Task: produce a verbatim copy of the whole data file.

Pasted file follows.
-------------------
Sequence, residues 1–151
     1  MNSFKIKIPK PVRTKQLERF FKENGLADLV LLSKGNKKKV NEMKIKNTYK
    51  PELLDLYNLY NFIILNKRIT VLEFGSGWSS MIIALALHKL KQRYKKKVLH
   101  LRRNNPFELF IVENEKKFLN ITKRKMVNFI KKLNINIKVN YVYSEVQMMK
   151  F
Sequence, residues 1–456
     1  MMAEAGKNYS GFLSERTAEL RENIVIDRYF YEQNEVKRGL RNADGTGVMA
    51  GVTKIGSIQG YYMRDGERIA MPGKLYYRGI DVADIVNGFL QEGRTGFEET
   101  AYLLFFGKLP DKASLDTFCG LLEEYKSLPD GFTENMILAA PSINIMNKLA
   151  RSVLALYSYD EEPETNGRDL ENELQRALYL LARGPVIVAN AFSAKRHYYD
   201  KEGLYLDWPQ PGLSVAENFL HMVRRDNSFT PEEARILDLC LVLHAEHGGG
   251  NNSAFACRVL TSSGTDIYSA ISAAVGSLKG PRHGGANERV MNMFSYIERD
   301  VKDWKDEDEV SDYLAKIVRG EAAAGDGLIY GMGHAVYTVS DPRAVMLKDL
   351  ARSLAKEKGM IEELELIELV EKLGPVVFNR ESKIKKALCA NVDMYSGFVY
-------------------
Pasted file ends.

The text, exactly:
Sequence, residues 1–151
     1  MNSFKIKIPK PVRTKQLERF FKENGLADLV LLSKGNKKKV NEMKIKNTYK
    51  PELLDLYNLY NFIILNKRIT VLEFGSGWSS MIIALALHKL KQRYKKKVLH
   101  LRRNNPFELF IVENEKKFLN ITKRKMVNFI KKLNINIKVN YVYSEVQMMK
   151  F
Sequence, residues 1–456
     1  MMAEAGKNYS GFLSERTAEL RENIVIDRYF YEQNEVKRGL RNADGTGVMA
    51  GVTKIGSIQG YYMRDGERIA MPGKLYYRGI DVADIVNGFL QEGRTGFEET
   101  AYLLFFGKLP DKASLDTFCG LLEEYKSLPD GFTENMILAA PSINIMNKLA
   151  RSVLALYSYD EEPETNGRDL ENELQRALYL LARGPVIVAN AFSAKRHYYD
   201  KEGLYLDWPQ PGLSVAENFL HMVRRDNSFT PEEARILDLC LVLHAEHGGG
   251  NNSAFACRVL TSSGTDIYSA ISAAVGSLKG PRHGGANERV MNMFSYIERD
   301  VKDWKDEDEV SDYLAKIVRG EAAAGDGLIY GMGHAVYTVS DPRAVMLKDL
   351  ARSLAKEKGM IEELELIELV EKLGPVVFNR ESKIKKALCA NVDMYSGFVY